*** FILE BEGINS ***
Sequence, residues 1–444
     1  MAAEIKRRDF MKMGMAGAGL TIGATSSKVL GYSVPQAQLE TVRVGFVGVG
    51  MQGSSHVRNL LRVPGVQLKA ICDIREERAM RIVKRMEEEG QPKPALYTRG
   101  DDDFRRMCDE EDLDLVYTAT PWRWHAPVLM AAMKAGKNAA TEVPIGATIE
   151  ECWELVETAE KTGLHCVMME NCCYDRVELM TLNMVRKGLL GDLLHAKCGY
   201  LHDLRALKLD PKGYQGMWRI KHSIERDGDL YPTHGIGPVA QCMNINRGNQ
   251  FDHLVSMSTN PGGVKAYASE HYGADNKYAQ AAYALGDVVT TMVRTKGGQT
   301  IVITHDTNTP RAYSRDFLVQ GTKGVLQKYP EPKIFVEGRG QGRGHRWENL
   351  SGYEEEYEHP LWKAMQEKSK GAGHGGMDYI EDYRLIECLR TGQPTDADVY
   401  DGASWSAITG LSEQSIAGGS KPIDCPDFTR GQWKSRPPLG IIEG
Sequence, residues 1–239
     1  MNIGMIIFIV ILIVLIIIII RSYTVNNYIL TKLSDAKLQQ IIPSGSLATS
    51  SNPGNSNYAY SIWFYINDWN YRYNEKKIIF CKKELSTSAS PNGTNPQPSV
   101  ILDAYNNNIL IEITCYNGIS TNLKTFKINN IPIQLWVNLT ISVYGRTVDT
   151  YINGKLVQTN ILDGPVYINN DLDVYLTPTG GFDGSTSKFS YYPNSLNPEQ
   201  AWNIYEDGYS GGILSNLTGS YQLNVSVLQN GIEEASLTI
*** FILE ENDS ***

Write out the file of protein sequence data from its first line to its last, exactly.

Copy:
Sequence, residues 1–444
     1  MAAEIKRRDF MKMGMAGAGL TIGATSSKVL GYSVPQAQLE TVRVGFVGVG
    51  MQGSSHVRNL LRVPGVQLKA ICDIREERAM RIVKRMEEEG QPKPALYTRG
   101  DDDFRRMCDE EDLDLVYTAT PWRWHAPVLM AAMKAGKNAA TEVPIGATIE
   151  ECWELVETAE KTGLHCVMME NCCYDRVELM TLNMVRKGLL GDLLHAKCGY
   201  LHDLRALKLD PKGYQGMWRI KHSIERDGDL YPTHGIGPVA QCMNINRGNQ
   251  FDHLVSMSTN PGGVKAYASE HYGADNKYAQ AAYALGDVVT TMVRTKGGQT
   301  IVITHDTNTP RAYSRDFLVQ GTKGVLQKYP EPKIFVEGRG QGRGHRWENL
   351  SGYEEEYEHP LWKAMQEKSK GAGHGGMDYI EDYRLIECLR TGQPTDADVY
   401  DGASWSAITG LSEQSIAGGS KPIDCPDFTR GQWKSRPPLG IIEG
Sequence, residues 1–239
     1  MNIGMIIFIV ILIVLIIIII RSYTVNNYIL TKLSDAKLQQ IIPSGSLATS
    51  SNPGNSNYAY SIWFYINDWN YRYNEKKIIF CKKELSTSAS PNGTNPQPSV
   101  ILDAYNNNIL IEITCYNGIS TNLKTFKINN IPIQLWVNLT ISVYGRTVDT
   151  YINGKLVQTN ILDGPVYINN DLDVYLTPTG GFDGSTSKFS YYPNSLNPEQ
   201  AWNIYEDGYS GGILSNLTGS YQLNVSVLQN GIEEASLTI